Nobody is saying they shouldn't tollerate their cousins.

We're saying that you can't make them play together or make them like each other.

Simply being polite is all that's needed to practice real life.

As an adult, I am polite to people I do not like. I don't have to enjoy their company, nor do I have to pretend to be their friends.
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Old 09-14-2010, 09:31 AM
 
758 posts, read 1,598,813 times
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You don't have to make them play together but if they have no electronic devices to keep them away from other people, they might find something in common or at least something else to do with their peers that are there.

I agree that it's kind of like a training ground for real life. You can't go to the boss's party and then play with your psp or listen to your Ipod the whole time you're there. It would be considered rude.
Same goes for family functions IMO. It would be rude to go, then ignore other people the whole time you're there.
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Old 09-14-2010, 09:52 AM
 
43,012 posts, read 89,238,968 times
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Originally Posted by skahar View Post
I agree that it's kind of like a training ground for real life. You can't go to the boss's party and then play with your psp or listen to your Ipod the whole time you're there. It would be considered rude.
Same goes for family functions IMO. It would be rude to go, then ignore other people the whole time you're there.
Very true. Good point.
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Old 09-14-2010, 09:56 AM
 
Location: MMU->ABE->ATL->ASH
9,010 posts, read 16,206,166 times
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Were only 2, me and my 8th grade son, but we do 'quiet' time from 730p-8p each night, he can do his homework, read, (anything Non Electronic ((Other then using the computer for homework) and i monitor it to see that he is doing his HW, not on facebook etc )) or we play boardgames, chess,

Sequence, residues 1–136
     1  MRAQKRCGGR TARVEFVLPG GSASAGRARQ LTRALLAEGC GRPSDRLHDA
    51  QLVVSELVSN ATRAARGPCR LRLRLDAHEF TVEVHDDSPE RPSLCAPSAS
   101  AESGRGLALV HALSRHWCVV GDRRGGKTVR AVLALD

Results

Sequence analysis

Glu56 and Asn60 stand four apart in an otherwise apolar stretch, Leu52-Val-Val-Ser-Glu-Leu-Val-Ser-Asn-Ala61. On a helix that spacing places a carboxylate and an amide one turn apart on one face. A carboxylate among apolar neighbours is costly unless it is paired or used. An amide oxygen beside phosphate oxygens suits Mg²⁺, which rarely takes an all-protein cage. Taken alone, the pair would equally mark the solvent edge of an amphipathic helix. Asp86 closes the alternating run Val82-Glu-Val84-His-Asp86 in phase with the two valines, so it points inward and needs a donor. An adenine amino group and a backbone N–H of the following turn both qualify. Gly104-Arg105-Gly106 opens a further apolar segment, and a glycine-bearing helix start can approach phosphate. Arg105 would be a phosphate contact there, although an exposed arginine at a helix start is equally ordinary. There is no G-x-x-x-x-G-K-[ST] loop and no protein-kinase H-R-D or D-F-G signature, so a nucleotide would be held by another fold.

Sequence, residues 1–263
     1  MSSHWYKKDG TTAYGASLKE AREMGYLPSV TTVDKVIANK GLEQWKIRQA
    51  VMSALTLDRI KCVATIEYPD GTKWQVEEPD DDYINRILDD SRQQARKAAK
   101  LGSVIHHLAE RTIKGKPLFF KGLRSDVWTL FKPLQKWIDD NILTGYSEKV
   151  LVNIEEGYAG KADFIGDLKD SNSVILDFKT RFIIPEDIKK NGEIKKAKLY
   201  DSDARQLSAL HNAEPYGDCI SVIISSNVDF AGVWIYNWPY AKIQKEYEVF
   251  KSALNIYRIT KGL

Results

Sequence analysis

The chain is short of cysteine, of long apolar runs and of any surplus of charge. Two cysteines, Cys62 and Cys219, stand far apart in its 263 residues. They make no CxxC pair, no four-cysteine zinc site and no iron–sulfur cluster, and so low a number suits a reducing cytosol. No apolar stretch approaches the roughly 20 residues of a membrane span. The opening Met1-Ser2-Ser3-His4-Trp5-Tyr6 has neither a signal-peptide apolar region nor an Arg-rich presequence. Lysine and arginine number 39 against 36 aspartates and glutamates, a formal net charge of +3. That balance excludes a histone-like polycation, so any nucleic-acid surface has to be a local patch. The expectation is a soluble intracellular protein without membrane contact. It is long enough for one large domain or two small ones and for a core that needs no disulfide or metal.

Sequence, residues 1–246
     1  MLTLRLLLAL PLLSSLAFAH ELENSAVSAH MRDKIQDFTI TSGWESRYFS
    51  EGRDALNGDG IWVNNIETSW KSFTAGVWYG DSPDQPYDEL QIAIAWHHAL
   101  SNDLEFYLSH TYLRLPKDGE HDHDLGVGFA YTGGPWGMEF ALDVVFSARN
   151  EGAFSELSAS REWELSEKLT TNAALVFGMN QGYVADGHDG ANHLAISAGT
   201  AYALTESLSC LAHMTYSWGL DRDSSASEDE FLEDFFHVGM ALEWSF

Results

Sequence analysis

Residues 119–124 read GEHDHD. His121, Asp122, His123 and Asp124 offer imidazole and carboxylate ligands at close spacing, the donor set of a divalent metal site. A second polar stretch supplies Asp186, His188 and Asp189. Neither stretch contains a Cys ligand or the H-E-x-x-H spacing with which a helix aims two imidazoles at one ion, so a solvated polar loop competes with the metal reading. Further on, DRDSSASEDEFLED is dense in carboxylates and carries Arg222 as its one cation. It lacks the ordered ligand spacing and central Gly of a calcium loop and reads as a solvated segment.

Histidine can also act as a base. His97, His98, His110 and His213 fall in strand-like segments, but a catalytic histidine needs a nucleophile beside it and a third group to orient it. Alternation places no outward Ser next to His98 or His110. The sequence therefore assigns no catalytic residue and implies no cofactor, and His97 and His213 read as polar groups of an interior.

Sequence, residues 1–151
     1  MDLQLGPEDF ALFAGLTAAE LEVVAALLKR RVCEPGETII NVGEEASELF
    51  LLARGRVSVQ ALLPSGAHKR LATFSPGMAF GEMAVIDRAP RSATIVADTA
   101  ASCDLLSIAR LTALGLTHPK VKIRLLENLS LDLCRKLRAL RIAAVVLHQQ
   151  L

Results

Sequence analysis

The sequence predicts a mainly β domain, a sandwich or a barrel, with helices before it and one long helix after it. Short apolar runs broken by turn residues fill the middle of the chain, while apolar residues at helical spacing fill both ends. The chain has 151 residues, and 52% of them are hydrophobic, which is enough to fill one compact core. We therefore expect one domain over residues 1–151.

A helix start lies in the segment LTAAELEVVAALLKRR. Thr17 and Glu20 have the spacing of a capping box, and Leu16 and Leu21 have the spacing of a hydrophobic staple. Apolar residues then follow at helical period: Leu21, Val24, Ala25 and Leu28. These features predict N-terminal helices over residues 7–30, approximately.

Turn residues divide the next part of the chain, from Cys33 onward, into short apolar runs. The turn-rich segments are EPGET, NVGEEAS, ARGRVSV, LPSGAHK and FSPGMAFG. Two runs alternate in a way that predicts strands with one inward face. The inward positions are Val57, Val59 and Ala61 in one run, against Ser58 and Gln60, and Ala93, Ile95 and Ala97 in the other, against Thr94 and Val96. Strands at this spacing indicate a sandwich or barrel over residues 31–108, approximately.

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Old 09-14-2010, 10:18 AM
 
Location: southwestern PA
20,426 posts, read 35,873,500 times
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Many people I know collect all the electronic gadgets when you show up to their event.
Great thing to do!
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Old 09-14-2010, 10:21 AM
 
556 posts, read 674,196 times
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Quote:
Originally Posted by Dingler View Post
I was at a huge family activity the other day. In attendance was 9 kids who were from age 8 to 14. I expected all of them to be excited to see each other and to run outside and play. Instead the kids all spent the majority of their time playing their IPOD's, playing Computer Games, watching TV, talking to friends on their cell phones, instant messaging friends, and playing with GameBoys. I did not see anyone playing outside (the weather was beautiful) or really even talking to each other. These kids were friends, I thought?

Is this kids in the 21st Century? Should the parents insist they play outside and put away their games, cell phones and get off the computer?

Yes. I think you should put a box by the front door for the next family gathering. All electronics go in on arrival and come out when everyone leaves.